Starring: Asa Butterfield, Chloë Grace Moretz, Ben Kingsley, Sacha Bron Cohen, Christopher Lee, Michael Stuhlbarg, robot
Directed by: Martin Scorsese (Bringing Out the Dead; After Hours; Boxcar Bertha; Michael Jackson’s “Bad” video)
Synopsis: Young Hugo is an orphan who lives in the bowels of a French train station who must solve the mystery of the Robot-Man before it destroys humanity.
Watching the opening scene, you can’t help but wonder how great Charlie and the Chocolate Factory could have been if Scorsese directed it.
Worst part: I understand that he’s supposed to be the villain, but Sacha Baron Cohen’s character gets pretty annoying. Also, it’s a little odd that everyone in Paris speaks with a British accent.
Best line: Hugo: “I’d imagine the whole world was one big machine. Machines never come with any extra parts, you know. They always come with the exact amount they need. So I figured, if the entire world was one big machine, I couldn’t be an extra part. I had to be here for some reason. And that means you have to be here for some reason, too.”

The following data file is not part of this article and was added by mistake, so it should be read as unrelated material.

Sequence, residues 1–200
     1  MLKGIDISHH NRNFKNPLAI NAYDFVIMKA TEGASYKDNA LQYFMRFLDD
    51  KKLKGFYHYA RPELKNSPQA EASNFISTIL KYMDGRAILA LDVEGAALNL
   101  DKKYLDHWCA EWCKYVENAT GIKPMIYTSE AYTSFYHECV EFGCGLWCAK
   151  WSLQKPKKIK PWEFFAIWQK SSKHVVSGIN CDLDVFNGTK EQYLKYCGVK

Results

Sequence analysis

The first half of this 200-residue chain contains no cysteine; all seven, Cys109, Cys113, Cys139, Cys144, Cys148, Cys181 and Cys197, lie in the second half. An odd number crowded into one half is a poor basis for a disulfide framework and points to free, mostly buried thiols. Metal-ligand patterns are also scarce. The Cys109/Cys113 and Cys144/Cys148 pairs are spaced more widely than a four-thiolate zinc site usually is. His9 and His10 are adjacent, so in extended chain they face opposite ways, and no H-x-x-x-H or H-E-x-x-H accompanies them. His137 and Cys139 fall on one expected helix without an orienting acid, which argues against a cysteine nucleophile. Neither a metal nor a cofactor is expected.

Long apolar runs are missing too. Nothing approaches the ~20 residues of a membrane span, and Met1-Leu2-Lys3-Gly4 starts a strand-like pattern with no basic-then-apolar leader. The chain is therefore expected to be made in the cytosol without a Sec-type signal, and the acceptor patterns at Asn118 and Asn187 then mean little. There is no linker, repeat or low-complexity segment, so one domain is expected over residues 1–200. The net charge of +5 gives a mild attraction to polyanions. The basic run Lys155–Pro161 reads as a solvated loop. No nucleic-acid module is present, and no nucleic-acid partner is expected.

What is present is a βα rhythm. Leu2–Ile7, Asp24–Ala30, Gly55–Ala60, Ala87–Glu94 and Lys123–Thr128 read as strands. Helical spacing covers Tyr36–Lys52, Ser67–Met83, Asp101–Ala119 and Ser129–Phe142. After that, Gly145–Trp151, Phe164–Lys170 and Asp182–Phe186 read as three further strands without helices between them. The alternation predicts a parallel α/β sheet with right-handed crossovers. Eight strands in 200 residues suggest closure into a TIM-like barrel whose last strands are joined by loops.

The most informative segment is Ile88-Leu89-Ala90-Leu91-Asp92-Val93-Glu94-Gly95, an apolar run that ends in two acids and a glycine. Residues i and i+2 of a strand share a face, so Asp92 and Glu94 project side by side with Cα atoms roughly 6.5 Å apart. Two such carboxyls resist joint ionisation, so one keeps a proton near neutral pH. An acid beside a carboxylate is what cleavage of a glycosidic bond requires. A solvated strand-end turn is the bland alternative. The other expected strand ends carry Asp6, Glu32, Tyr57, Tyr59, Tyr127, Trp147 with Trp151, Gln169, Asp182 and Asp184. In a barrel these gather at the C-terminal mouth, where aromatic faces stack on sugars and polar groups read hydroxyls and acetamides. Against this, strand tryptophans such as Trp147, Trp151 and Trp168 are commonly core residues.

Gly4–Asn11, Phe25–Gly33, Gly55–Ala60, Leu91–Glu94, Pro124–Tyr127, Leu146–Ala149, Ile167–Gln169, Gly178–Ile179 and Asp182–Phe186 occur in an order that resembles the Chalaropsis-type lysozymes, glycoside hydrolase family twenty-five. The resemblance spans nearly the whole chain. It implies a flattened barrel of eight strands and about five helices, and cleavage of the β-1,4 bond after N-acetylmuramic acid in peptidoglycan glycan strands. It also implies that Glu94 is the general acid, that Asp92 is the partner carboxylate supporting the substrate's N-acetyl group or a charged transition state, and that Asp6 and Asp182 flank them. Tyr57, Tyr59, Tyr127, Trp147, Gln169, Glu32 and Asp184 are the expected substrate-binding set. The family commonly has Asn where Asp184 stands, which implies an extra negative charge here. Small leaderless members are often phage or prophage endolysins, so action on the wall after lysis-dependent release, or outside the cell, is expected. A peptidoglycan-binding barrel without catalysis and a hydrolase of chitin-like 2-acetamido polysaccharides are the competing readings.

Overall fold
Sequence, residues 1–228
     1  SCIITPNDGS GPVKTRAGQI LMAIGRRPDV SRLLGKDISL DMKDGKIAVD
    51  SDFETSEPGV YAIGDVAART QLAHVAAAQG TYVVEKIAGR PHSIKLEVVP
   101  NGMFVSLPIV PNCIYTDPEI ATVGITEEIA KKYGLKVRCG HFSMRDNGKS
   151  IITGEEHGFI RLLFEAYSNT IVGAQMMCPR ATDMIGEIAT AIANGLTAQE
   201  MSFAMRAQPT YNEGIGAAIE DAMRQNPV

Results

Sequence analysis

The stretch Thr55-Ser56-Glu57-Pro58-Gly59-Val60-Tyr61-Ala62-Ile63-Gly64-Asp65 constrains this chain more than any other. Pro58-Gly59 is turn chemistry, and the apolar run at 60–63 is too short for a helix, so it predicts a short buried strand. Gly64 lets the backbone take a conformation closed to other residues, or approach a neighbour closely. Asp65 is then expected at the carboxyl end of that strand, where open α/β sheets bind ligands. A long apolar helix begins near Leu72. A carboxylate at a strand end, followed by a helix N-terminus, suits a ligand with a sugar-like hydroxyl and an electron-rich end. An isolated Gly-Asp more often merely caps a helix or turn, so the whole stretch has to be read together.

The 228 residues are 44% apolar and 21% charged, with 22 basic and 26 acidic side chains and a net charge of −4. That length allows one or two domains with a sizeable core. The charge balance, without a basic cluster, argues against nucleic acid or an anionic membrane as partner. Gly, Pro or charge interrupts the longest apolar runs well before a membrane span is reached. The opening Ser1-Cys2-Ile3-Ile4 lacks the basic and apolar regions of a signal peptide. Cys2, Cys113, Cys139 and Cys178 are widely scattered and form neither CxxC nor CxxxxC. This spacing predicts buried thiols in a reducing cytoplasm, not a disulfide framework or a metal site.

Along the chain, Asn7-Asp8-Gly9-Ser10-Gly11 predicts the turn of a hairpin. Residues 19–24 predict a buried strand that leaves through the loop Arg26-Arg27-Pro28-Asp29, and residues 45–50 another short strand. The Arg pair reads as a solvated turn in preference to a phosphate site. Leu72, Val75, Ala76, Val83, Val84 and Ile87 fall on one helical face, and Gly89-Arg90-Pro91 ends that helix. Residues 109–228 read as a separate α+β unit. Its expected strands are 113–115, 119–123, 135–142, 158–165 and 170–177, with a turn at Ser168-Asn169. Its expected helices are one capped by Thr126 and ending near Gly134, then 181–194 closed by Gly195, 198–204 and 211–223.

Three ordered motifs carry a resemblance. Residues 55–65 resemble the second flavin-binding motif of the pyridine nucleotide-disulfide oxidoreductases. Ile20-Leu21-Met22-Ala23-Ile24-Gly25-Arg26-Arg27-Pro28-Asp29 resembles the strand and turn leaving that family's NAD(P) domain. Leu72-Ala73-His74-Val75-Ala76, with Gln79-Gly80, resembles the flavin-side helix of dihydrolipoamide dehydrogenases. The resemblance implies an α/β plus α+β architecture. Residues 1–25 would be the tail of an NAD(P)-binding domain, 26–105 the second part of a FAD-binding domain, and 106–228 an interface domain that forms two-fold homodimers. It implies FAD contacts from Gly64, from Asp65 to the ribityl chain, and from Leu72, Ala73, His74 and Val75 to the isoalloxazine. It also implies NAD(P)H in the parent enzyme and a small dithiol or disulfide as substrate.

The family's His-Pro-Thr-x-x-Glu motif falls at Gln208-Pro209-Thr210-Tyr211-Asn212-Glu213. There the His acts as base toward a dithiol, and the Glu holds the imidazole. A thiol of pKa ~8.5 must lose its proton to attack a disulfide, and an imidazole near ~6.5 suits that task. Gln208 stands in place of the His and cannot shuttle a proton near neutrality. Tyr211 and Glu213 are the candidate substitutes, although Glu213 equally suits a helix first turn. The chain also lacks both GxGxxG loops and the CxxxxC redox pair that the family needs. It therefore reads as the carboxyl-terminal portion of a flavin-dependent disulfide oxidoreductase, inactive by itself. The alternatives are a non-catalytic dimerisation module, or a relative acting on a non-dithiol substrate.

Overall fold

Nudity: The automaton is shamefully unclothed.
Overall: An incredibly well-made film by a true master filmmaker. Scorsese is just amazing in that he can keep up his astronomically high level of directing in his 70s. He’s old school, with old school meaning he gives a shit about his actors and the quality of his craft and truly brings out the best in everything he does (ok, Shutter Island was a bit of a hiccup, but he was out of his wheelhouse). Yeah, I know I used that in my Wolf of Wall Street review, but it still totally applies here. Hugo couldn’t possibly be more different than Wolf of Wall Street, but Scorsese pulls it off equally as well. This is a delightful film full of wondrous elements and fantastic homages to old-style movie making. The intricate sets, deep characters, whimsical music and creative shots are really outstanding. I wish I had been able to see it in the theater to experience the carefully done 3D elements. But it’s a beautiful story of fixing broken things, hearts and spirits. If you’re a lover of history, movies, or the history of movies, you should check it out.
Score: 8.5 train station orphans (out of 10)